‘Babe’ Ruth Sold to the Yankees
It was surely the biggest sports—and business—blunder of his career. On Dec. 26, 1919, Boston Red Sox owner and president Harry Frazee sold “Babe” Ruth to the New York Yankees for $125,000. In giving up the player many consider the greatest in the history of baseball, Frazee crippled the Red Sox while immensely boosting the rival Yankees.
At the time of the sale, the Red Sox were one of the most successful franchises in baseball. They had won the first-ever World Series, in 1903 as the Boston “Americans,” and by 1918 had won baseball’s championship five times. After Ruth was sold, the Red Sox endured an 86-year championship drought, not winning the World Series again until 2004. Bitter Red Sox fans referred to this long stretch of misery as the “Curse of the Bambino,” named after one of Ruth’s colorful nicknames.
Ruth had been primarily a pitcher during his Red Sox career from 1914-1919—and a tremendously successful one at that. At the same time, he always displayed good hitting skills. In his last season with the Red Sox in 1919, he played in 130 games, but only pitched in 17 of them. He was growing into his role as a fulltime hitter, and set a single-season home run record that year with 29.
The year before, Ruth had signed a three-year contract paying him $10,000 per season—but after his hitting display in 1919 he demanded a raise to $20,000. This Frazee would not agree to, deciding instead to do business with his personal friend, Yankee owner and president Jacob Ruppert. Both men knew American League President Byron “Ban” Johnson would be unhappy with this cash deal, but both owners were feuding with Johnson and simply did not care what he thought or did. The sale went through, and was announced to an astonished press on Jan. 5, 1920.
Ruth would go on to hit an incredible 714 home runs in his career with a .342 lifetime batting average, earning him another nickname: “the Sultan of Swat.” He became a darling of New York Yankee fans everywhere, and a depressing reminder to Red Sox fans of what might have been.
This newspaper article, announcing the sale of “Babe” Ruth to the Yankees, was published by the Duluth News Tribune (Duluth, Minnesota) on Jan. 6, 1920:
Ruppert Buys the Only ‘Babe’; Ban [Johnson] May Not Like It; Colonel Says He Will Have to Anyway
Frazee Calls Retention ‘Injustice’ to Red Sox; Price Paid Is One Grand Secret
New York, Jan. 5.—The purchase of “Babe” Ruth of the Boston Americans, by the New York American [League] club, was announced tonight by Col. Jacob Ruppert, president of the New York club. Colonel Ruppert refused to state the price paid.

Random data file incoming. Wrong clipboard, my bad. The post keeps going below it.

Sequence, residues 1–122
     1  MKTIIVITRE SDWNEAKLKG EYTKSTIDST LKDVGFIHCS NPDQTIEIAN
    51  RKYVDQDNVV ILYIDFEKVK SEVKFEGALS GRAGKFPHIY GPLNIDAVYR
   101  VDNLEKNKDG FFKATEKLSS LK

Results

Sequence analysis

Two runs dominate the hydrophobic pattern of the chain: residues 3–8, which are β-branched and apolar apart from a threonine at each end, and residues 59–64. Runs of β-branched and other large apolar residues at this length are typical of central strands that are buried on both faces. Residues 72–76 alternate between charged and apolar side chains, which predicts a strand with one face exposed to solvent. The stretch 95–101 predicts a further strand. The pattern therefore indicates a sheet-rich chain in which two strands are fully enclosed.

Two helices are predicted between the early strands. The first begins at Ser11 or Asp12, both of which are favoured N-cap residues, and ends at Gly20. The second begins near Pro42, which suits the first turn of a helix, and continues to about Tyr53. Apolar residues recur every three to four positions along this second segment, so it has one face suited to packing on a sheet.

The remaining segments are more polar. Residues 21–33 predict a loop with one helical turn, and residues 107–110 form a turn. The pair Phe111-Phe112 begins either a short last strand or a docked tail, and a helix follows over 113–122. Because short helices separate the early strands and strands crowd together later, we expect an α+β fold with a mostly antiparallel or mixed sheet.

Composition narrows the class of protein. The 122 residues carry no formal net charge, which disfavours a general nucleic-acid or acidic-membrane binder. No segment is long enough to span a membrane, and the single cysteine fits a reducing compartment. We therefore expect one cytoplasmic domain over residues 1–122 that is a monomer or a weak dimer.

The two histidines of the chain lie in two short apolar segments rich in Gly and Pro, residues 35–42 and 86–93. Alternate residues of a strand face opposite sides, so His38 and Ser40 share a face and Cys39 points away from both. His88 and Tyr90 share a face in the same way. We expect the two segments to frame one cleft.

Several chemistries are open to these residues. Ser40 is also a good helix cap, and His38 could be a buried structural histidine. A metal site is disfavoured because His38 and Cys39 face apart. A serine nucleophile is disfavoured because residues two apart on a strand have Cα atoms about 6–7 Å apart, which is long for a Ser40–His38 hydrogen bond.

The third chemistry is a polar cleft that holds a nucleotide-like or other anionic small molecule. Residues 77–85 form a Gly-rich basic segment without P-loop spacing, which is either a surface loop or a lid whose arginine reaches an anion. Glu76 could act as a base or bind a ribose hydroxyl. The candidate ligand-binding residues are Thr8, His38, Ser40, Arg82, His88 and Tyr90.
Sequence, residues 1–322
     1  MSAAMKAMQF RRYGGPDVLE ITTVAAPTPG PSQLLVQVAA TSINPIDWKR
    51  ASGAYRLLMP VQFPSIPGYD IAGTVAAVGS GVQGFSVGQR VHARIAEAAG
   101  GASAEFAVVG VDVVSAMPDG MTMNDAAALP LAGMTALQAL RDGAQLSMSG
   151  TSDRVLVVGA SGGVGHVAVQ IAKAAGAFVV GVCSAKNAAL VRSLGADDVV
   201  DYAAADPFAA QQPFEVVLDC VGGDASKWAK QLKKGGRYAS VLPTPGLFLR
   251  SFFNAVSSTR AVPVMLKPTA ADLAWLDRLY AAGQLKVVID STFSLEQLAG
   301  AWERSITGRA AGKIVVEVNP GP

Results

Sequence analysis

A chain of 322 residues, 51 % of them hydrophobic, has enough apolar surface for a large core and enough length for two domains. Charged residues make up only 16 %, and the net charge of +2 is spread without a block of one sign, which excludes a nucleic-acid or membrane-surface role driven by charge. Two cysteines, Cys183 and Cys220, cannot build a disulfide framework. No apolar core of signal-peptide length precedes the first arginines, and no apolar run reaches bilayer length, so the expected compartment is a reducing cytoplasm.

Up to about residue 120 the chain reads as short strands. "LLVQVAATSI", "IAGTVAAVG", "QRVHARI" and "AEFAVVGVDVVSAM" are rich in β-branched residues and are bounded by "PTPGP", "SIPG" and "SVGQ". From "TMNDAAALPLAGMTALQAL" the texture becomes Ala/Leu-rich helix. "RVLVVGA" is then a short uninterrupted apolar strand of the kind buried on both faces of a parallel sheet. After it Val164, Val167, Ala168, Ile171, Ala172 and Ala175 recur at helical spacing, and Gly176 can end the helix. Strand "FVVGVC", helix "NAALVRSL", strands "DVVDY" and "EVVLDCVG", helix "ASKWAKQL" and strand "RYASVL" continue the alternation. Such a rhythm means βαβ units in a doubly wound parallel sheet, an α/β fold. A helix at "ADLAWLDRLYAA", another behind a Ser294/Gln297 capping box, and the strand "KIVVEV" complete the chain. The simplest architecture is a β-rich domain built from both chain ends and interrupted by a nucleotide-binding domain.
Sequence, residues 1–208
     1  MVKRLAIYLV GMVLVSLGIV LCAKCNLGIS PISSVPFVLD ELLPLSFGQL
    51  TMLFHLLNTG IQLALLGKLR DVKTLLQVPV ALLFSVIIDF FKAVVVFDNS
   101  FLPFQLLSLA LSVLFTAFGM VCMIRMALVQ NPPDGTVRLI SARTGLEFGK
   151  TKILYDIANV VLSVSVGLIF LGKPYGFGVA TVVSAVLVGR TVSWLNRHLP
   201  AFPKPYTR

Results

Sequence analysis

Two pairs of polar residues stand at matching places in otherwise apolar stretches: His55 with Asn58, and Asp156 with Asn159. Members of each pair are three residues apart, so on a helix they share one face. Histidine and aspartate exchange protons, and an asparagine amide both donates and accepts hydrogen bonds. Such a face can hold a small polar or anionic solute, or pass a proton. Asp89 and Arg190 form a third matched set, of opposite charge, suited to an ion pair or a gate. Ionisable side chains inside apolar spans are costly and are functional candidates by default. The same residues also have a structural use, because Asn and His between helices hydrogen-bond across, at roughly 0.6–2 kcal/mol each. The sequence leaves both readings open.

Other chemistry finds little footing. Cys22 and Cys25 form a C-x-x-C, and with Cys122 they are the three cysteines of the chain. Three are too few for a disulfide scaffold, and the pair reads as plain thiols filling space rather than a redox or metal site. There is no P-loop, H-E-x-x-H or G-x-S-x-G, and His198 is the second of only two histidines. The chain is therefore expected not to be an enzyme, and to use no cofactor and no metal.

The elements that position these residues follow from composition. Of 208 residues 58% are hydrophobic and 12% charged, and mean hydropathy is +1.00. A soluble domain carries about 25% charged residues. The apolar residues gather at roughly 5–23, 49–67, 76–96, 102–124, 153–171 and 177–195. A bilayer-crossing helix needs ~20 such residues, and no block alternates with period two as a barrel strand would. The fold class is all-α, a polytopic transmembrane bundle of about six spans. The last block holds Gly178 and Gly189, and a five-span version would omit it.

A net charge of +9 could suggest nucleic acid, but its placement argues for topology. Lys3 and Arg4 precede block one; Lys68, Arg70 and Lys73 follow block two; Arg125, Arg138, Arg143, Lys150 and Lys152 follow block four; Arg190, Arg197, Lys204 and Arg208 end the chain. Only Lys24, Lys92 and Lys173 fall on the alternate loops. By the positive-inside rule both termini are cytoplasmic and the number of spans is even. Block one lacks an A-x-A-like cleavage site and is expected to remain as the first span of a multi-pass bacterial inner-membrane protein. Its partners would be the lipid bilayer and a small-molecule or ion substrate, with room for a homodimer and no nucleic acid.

Colonel Ruppert said that Manager Miller Huggins of the Yankees is now in Los Angeles negotiating with Ruth.
Ruth has a three-year contract with the Boston club made last season calling for a salary of $10,000 a year. He is reported, however, to have declared recently that unless this sum was boosted to $20,000 he would not return to Boston.
Defies Ban Johnson
Colonel Ruppert said that President Ban Johnson would be advised tomorrow of Ruth’s purchase.
“We do not care what he thinks of it and do not even consider the idea of him trying to block it,” he added.
“All I can say is that whether Mr. Johnson likes it or not, Ruth will be in our opening lineup.”
Boston, Jan. 5.—President Harry H. Frazee of the Boston Americans said tonight that he had sold “Babe” Ruth to the New York [Yankees] because he thought it was an “injustice” to keep him with the Red Sox, who “were fast becoming a one-man team.”
He did not make public the purchase price.
Huggins Says He Signed
Los Angeles, Jan. 5.—Miller Huggins, manager of the New York [Yankees], tonight announced that he had signed “Babe” Ruth, champion home run hitter, to play with the Yankees next season. Papers were exchanged here late today Huggins said, terms satisfactory to each having been agreed upon. He refused to state what salary Ruth was to receive.
“Babe” Ruth tonight said he had no information regarding his reported sale by the Boston Americans to the New York American [League] club until told by the Associated Press that Colonel Ruppert, president of the Yankees, had announced the deal.
“I am not surprised, however,” he added.
“When I made my demand on the Red Sox for $20,000 a year, I had an idea they would choose to sell me rather than pay the increase and I knew the Yankees were the most probable purchasers in that event.”
Ruth, two hours after the reported agreement was made, had declared he had not seen Huggins and that he had had no word of his sale by the Boston Americans to the New York club. Efforts to reach him later to confirm or deny Huggins’ announcement were unavailing.
Click here for more articles about Baseball.
Click here for more articles about Sports.